Lurking in my mind was a misperception that, in some respects, still plagues the populace – that anything arising from an older technology was suspect of being inferior. Perhaps you have witnessed a person who sees a tube preamp or amp declare, “Tubes! I didn’t know they still made audio equipment with tubes.” Unless a person consumes Hi Fi periodicals, visits the right dealer or internet forum, or attends a Hi Fi show, the bias is likely to remain. Tube amps still seem on the face outdated to many and are treated as suspect devices by others. I see comments on audio sites from individuals who approach tubes as though they are inherently untrustworthy, as if they degrade sonically so quickly and have such poor distortion specs that one can’t be certain of their performance. To such individuals, solid-state is nigh unto infallible. I was like that for a long time. Part of it was that I was not into DIY, and could not afford finer tube gear; part of me wanted to believe that I sacrificed nothing sonically for sticking with solid-state because on the whole it was cheaper.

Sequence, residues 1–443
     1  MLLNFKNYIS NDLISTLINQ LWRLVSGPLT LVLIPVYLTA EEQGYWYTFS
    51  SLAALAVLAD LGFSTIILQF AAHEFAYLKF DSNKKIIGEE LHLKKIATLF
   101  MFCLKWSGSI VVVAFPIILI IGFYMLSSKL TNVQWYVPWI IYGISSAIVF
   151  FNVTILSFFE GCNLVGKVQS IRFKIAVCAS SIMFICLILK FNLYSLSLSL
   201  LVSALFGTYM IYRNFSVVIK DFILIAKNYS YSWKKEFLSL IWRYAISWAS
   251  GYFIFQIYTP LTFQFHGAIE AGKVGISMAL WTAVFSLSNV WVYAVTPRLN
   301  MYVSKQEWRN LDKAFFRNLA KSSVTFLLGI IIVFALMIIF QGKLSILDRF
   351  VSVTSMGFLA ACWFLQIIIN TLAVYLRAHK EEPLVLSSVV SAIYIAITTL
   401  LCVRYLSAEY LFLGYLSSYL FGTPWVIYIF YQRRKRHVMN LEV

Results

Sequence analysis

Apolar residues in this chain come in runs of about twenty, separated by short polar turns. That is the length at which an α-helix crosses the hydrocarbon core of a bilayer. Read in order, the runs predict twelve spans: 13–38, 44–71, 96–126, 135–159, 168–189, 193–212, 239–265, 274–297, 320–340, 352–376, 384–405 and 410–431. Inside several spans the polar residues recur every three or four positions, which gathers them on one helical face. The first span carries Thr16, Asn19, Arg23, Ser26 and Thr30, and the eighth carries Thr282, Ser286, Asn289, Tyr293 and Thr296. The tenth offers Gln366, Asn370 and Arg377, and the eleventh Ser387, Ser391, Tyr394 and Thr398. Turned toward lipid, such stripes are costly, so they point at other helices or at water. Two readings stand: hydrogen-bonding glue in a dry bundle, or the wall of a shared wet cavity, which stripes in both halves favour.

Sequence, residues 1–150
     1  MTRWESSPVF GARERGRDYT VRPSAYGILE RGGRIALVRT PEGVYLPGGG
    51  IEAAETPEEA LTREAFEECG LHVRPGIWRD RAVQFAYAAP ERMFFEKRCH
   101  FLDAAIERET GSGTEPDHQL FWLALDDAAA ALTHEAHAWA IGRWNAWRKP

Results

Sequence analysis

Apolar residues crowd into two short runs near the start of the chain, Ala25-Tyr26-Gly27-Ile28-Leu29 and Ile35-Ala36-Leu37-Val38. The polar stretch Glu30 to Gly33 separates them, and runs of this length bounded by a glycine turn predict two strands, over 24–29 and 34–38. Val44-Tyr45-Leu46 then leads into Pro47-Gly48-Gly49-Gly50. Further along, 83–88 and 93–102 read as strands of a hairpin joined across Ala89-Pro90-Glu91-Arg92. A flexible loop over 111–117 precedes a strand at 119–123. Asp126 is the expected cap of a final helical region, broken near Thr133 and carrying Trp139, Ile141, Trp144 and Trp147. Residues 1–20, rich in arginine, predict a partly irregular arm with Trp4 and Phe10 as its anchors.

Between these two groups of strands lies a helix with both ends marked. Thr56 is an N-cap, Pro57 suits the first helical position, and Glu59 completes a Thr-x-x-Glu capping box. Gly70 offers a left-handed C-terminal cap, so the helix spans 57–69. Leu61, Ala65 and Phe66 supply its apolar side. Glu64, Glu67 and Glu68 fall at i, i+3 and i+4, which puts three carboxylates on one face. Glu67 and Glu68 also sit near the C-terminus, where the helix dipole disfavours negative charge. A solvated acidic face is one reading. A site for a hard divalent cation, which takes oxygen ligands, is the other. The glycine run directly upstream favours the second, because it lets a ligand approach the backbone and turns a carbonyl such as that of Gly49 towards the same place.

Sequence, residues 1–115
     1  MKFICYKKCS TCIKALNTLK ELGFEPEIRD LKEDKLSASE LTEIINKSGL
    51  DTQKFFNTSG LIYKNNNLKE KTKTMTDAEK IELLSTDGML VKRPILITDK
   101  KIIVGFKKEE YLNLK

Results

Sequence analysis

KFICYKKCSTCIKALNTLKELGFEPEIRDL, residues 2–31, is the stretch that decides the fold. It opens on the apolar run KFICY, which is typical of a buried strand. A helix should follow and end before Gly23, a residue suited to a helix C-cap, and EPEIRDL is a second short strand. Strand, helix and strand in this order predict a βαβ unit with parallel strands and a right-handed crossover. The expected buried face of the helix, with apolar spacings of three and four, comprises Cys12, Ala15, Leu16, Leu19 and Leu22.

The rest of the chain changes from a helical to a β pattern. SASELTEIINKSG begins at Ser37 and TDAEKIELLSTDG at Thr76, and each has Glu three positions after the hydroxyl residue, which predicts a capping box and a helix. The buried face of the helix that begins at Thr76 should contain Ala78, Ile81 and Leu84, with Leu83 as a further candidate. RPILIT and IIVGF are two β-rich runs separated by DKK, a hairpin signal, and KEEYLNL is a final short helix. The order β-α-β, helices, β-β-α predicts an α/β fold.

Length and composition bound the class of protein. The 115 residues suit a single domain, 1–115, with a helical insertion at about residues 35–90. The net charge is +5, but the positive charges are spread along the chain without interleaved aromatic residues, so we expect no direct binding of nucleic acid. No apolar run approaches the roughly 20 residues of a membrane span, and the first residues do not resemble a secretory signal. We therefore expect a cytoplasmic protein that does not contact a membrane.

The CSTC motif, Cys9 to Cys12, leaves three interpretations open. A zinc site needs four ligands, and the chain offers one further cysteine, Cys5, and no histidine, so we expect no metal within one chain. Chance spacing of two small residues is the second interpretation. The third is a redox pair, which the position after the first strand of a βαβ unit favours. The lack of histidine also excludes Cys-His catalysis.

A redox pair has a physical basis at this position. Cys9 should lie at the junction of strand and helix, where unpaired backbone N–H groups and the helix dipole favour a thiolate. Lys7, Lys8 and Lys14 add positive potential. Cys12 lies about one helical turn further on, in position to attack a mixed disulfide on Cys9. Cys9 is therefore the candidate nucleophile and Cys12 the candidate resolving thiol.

Over the years I have slowly been remade as an audiophile, morphing from a staunch solid-state supporter to a tube amplifier enthusiast. With growing experience hearing tube amps in quality systems, I was forced to admit that they have as much, and in some instances more efficacy than solid-state designs. I now find that I am drawn toward tube amplification like the proverbial moth to the flame. I am increasingly using tube preamps and amps in systems by preference.

During this process I have also revised my thinking in terms of use of tubes with less efficient speakers. Experience with the amp under review here, the Valve Amplification Company (VAC) Phi 200, has cemented my belief that solid-state is not the only game in town for electrostatic and magnetic planar speakers. In fact, paying attention more to the timbre of the music, a strong argument can be made that tube amps are the ideal for panel speakers; jacking up Watts is certainly not the only variable in attaining a pleasing result with panels.

VAC Phi 200 Tube Monoblock Amplifier

Tubes and TUBES